Sententia-ae. fem, Latin for: opinion, view, judgment; purpose, intention; (law) sentence, verdict; (in the Senate) motion, proposal, view; meaning, sense; sentence; maxim. See also: garrulitas, magnificentia, opinio, praejudicum.
I've resisted the urge to write about Palin. I assume that whatever she is or isn't will gradually become apparent. But I can't help wondering about the syndrome of pushing a talent before it is ready. By happenstance I came across this old post that has some resonance.
Well, at least sorta. Here.
That would be in loan guaranties to the tune of $25 billion. Told ya so. But now at least American car companies can get busy designing those super-duper hybrids and fuel efficient cars that ... uh... the Japanese already have on the market. Oh, well.
The Detroit Free Press reported that it is “the largest federal aid ever offered to the U.S. auto industry.” The loan payments are deferred for five years, so the cost to taxpayers is $7.5 billion, AP reported.
That amounts to a subsidy for such products as hybrid vehicles and plug-in electric cars.
One of our faithful readers has published a book about the vikings. Vikings in Ireland, in fact. They're the guys who founded Dublin, btw. Anyway it looks like a great book. Has a picture of a viking ship on the front and everything (the author modestly declines all credit for the viking ship pic). If you like vikings, or pirates, you should buy this book.
By which I mean do you want some of your tax money to guarantee loans for GM, Ford and Chrysler? After all they are having so much trouble selling their metal these days. And their ability to get credit seems to be eroding for some reason.
The Smart MHD is rated at 71hp and is a particularly economical variant. The car features a stop/go function to lower emissions and increased gas mileage. The new model consumes 8 percent less fuel in the combined cycle, and 19 percent less fuel in urban traffic.
Just a week after "Talk Like a Pirate Day,"* real pirates have pulled off a hijacking that has some real potential for mayhem and agony. Here's the nut of it:
A Russian warship on Friday rushed to intercept a Ukrainian vessel carrying 33 battle tanks and a hoard of ammunition that was seized by pirates off the Horn of Africa — a bold hijacking that again heightened fears about surging piracy and high-seas terrorism.
Rich Lowry seems to be in a deeply pessimistic mood today, partly because of the latest polls (which, under the circumstances, are still better for McCain than anyone could have hoped and still survivable). Here he is on the Corner today in two separate posts (there are others).
One side effect of McCain's debate gambit is, I'm told, that everyone at Ole Miss now hates him. It will make for a very hostile audience tonight among those students and faculty attending. He might have to apologize for creating the uncertainty or make some explanation up front, which is never ideal.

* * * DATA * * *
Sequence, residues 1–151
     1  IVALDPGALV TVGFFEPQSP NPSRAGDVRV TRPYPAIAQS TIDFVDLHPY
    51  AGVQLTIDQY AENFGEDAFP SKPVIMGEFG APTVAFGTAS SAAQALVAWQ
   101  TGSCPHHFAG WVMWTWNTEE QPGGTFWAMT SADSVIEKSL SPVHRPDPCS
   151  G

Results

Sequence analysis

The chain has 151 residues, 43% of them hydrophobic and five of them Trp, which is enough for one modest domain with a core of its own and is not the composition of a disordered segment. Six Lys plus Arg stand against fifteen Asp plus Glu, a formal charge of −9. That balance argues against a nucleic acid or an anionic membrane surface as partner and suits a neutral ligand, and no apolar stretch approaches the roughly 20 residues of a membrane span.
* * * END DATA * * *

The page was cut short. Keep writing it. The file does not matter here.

A friend on Capitol Hill in a very dark mood thinks so. Last time, House Republicans got blamed for shutting down the government, this time they'll get blamed for shutting down the financial system. He also worries—did I mention he's in a dark mood?—that if nothing passes and the crash comes, the country may arrive at a turning point, moving irrevocably in the direction of a social democracy.
A screen shot from the Wall Street Journal* this morning. About 10 hours before the debate (which is apparently on again) even starts.
Here in Western North Carolina, for reasons that make very little sense, many of the filling stations have run out of gas. I first heard of it when one of my more responsible students e-mailed that she would not be able to make it to class because she could find no gas for her car. She was down in the Hickory area. Then today at work people made the same comment, including Maire. No gas.
Gov. Mike Easley announced Wednesday (yesterday) evening that substantial additional gasoline supplies have been released to North Carolina.
“The major oil companies have agreed to make additional gas supplies available to hard hits areas of our state, particularly western North Carolina,” said Easley. “We are getting tankers from Wilmington, Tennessee and South Carolina terminals to bring hundreds of thousands of gallons of gas to those most in need.”
The governor said the additional gallons of gas will be available over the next two days
“I am grateful to the oil companies for trying to get gas to our people. They do not have to make these changes in their delivery routine and I have no power to make them. They have agreed to do this voluntarily,” Easley said.
“I have a lot of staff working very hard on this and am asking people to be reasonable and cooperative with each other. Conserve for a few more days and we will be fine. We are going to continue to work hard to get every possible gallon of gasoline to the locations where it is needed.